The Alaska Series: The House

2 of a 5 part series. Read part 3 here. 

When I stepped off of the plane, I was pleasantly surprised that it wasn’t super cold. It was in the mid-60s (and would stay that way almost the entire time I was there).  I was greeted by one of the Professor’s students, Mary, at luggage claim. She was from Germany, but had come to Alaska to study marine biology. This puzzled me as we weren’t exactly near a beach (but maybe about a 30-minute drive from the North Pole?).

“Many different bodies of water are accessible from Alaska,” she explained as she walked me to the car. “This is actually one of the best places in the world to study sea life.” We stopped in the front of an old, silver, broken down looking car. The seatbelts were chewed up and it was filled with the stench of wet dog. There were clumps of dog hair everywhere. She passed me the keys. “This is your car.” Cool, I thought.

We first went to pick up the dogs – both who were half of my size – and then drove out towards the house where I’d be staying. As we drove, I watched the city slowly disappear. Four left turns and nearly 50 minutes later we were bouncing down an unpaved road. There were nothing but trees, valleys and the occasional trooper car.

The drive to the house.
The drive to the house.

“15 minutes,” Mary reminded me. Finally, we pulled up to a driveway, peeking through the trees. The house itself was charming, with big sweeping windows and lots of open space. I pulled out my phone to take a picture and was dismayed to find that I had absolutely no cell phone service.

Mary looked at me sympathetically. “If you drive back into town, you’ll have service again.” I paused, picturing an emergency where I’d have to drive nearly an hour just to get help. I quickly brushed the thought away and kept moving.

The wood furnace that I never really figured out how to use.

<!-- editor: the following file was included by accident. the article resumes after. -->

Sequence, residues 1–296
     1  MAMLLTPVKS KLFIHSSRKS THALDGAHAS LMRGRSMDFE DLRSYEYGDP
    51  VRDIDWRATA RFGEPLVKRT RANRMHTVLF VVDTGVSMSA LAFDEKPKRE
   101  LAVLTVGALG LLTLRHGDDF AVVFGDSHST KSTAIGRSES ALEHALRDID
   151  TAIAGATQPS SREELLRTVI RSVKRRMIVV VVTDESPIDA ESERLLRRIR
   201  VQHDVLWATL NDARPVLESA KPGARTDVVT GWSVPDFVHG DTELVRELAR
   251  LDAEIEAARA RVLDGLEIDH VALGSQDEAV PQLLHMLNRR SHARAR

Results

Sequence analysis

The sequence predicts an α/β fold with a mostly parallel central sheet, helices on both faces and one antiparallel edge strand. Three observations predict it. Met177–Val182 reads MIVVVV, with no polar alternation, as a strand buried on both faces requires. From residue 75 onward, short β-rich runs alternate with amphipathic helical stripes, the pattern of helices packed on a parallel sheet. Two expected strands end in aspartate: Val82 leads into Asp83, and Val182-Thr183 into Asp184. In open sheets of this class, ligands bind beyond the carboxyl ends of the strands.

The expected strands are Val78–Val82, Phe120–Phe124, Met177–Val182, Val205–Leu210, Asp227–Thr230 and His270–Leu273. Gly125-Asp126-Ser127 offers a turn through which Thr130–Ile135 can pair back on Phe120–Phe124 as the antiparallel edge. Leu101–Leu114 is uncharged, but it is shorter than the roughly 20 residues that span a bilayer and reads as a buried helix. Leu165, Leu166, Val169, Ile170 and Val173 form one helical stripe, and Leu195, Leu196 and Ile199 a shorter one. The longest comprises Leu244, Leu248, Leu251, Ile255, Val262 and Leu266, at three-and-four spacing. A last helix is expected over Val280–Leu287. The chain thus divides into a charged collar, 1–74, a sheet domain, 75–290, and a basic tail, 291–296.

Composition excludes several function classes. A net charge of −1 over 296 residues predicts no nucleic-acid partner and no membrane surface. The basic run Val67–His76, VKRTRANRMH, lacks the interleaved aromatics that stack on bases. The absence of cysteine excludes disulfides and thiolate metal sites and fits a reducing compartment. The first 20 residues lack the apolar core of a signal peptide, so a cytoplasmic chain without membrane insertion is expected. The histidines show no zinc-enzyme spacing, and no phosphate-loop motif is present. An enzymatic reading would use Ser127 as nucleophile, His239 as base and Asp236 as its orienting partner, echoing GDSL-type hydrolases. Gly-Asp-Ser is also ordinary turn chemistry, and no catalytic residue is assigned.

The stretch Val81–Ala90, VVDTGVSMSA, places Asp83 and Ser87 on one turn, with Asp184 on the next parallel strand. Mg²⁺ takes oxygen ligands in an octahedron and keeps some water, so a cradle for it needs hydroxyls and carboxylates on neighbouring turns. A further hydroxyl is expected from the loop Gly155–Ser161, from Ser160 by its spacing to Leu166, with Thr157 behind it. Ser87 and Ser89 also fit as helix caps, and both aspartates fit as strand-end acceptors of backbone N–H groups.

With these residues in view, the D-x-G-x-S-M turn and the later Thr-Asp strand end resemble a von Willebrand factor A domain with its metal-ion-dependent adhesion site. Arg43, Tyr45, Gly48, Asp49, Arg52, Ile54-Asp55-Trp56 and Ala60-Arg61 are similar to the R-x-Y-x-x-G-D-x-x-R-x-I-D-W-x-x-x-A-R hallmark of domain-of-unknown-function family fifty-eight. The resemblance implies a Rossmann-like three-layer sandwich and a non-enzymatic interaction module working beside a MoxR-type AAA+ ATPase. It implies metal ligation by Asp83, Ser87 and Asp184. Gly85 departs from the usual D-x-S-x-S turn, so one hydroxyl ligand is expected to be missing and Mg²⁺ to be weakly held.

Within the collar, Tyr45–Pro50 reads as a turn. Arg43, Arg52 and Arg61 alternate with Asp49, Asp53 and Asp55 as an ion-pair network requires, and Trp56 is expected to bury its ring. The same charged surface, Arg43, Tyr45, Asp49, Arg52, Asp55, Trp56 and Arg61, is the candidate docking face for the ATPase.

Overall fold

“This is the outhouse,” she explained. I peered in.

“What exactly is an outhouse?” I asked. It turned out to be a hole in the ground, outdoors, where you could… take care of your digestive needs. It was similar to a port-a-potty.

“Try not to put toilet paper directly in it. If you do, it’ll fill up too quickly and you’ll have to build another hole.” I eyed the mosquitos and flies buzzing around the hole and shivered.

There also wasn’t a shower.  I was told that there were businesses in town with public showers that I could pay to use or I could grab a bucket and head out deeper into the woods. I checked my privilege before I opened my mouth to complain.  Clean, fresh water to shower, drink and clean with was a luxury that could be bought. Not everyone had easy and (relatively) cheap access to water the way that I’d always taken for granted.

Me as a first year! This was my first day of college, actually, and I was sitting on the floor in Dillard dorms. I’d just been taught how to tie a bowtie. The first of many lessons I’d learn in college.

I thought of Dillard, the dorm I’d lived in my first year of college. When I first moved in, it felt like the wilderness. My classes and the corner were about a hundred miles away, my friends in old dorms refused to visit me because I lived “too far” and I felt very alone in my single room. We even had a different dining hall than everyone else (shoutout to Runk). It hadn’t exactly been my favorite place, but at least I’d had my own bed and access to hot showers. Around day 10 of living in Alaska, I began to fantasize about living in Dillard. It hadn’t been so bad, right?


But I figured I’d learn how to make things work in Alaska. And I did.




2 of a 5 part series. Read part 3 here. 

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